Part 3: Not Saved by the Ushers

Bare Feet.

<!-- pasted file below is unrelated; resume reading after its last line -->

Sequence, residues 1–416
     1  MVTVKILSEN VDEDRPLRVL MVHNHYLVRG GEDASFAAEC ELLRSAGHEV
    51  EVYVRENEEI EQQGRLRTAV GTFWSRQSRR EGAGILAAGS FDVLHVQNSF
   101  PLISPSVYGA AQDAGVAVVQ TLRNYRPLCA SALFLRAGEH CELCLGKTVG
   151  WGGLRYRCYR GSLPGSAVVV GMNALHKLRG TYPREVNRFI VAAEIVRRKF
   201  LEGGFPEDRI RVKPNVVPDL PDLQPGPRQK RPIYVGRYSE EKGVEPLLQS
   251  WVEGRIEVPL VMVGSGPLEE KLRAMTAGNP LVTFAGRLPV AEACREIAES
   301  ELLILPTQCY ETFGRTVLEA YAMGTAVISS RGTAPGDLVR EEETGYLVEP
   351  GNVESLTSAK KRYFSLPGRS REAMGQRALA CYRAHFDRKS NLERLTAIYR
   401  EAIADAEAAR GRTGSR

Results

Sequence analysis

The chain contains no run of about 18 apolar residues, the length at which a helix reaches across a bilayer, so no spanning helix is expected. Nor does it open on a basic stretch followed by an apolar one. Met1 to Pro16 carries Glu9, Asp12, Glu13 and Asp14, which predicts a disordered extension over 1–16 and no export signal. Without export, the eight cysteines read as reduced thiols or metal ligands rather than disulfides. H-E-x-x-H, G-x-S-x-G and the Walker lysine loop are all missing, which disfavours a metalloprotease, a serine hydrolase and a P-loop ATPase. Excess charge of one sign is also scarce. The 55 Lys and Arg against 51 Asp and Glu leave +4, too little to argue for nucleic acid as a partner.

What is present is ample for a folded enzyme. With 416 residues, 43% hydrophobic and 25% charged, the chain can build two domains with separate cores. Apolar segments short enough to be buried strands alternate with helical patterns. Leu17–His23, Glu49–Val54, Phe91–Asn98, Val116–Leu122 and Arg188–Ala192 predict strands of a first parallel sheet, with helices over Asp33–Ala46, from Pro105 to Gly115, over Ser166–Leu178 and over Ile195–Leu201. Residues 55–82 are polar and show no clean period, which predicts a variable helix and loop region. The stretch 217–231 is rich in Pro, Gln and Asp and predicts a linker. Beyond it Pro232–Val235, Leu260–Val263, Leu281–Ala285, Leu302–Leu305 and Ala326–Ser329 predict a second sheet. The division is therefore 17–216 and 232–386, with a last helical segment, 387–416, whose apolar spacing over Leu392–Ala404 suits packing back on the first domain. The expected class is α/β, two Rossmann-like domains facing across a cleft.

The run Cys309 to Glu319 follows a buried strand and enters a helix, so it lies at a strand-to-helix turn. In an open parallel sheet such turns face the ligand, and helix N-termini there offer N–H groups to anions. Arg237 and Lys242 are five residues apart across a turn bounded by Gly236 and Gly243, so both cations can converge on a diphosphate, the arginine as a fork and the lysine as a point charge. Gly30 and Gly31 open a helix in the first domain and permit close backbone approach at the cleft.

The mysterious young Jesus Person neighbor girl asked me—me—an atheist/agnostic/, seeker, rebel, hippy guy—for a ride to church. Going to church held absolutely no appeal to me, but spending time, even half and hour, with this girl did. Perhaps I could find a way to give her a ride but avoid sitting through a church service. A plan began to form in my mind and was, from my point of view, brilliant. I would wear my favorite very well-worn hippy bell-bottom jeans, the ones all faded and frayed and with the knees torn out. A white T-shirt would be good and, in spite of the sultriness of the evening, I'd wear that old army shirt emblazoned with Magic-Marker peace symbols—the one I'd sewn a large American flag, upside-down, on the back of. And, just in case all that was not enough to get me denied entrance, I went barefoot. Yes—that would do the trick! I had it all played out in advance in my mind: Of course, the ushers would deny me entrance, she would go to the service; I would take a walk and smoke a cigarette or two, Afterwards, we'd go for a coke and conversation and I would explain to her why I could not possibly be a Christian what with all the dress codes and regulations etc. At least that's the way I'd envisioned the evening unfolding. I was in for a rude awakening. As we pulled into the parking lot of All Saints Episcopal Church, I noticed something unusual—there were more than a hundred, perhaps two hundred, young people, most of whom looked like hippies, milling about on the expansive lawn of the churchyard. Something was seriously amiss, especially my plan for getting barred at the door of the church. Just then, as I turned my dad's station wagon into the parking space, Cher excitedly pointed toward the lawn and exclaimed, "There 's pastor Lonnie, he's really cool." "You mean that guy with the beard, in the muslin shirt?" I asked. "Yes, wait 'till you hear him—he's really anointed" she said in a low whispery voice which seemed one of admiration. I could see that my carefully thought-out plan was shot. I hadn't come up with an alternative as we got out of the car and headed for the lawn—she eagerly, me very reluctantly. Before I knew it we were seated on the lawn, everyone singing "cum-by-ya" and a guy to my left slings his arm over my shoulder in brotherly fashion. The muscles in my shoulders and back tightened, but I sought to look cool and unimpressed. "Oh no" I thought, "The Jesus people again—I can't seem to get away from them." As I contemplated this unexpected turn of events, Lonnie began to preach a gospel message with passion and plenty of happy hippy feeling. As I listened to the young preacher tell me how Jesus had died on the cross for me and was seeking me out like a lost sheep and all I needed to do was to open my heart to him and I'd be born again and have a whole new start in life because God loved me more than I could ever imagine, and loved me even no matter how many sins I'd committed and if I were to come to Jesus He would put a whole new plan for my life into effect if only I'd open my heart and invite Him to come in and be my Lord and Savior. I was unmoved and appeared, like I had for years carefully practiced appearing, aloof, skeptical and unmoved. I felt very out of place, here with all these Jesus People singing love songs to some Jesus I know had died two thousand years ago. The whole thing I considered to be completely absurd. I couldn't wait to get out of there. It wasn't to be. Someone who knew me from Poly High came up to me, threw his arms around me and exclaimed, "Denny, praise God!—it is so good to see you here brother!" That last statement irritated me greatly and I challenged him by informing him, "Hey, I just gave someone a ride here, I'm no part of this, I just happen to be here and don't know what in the hell all you people are so excited about."

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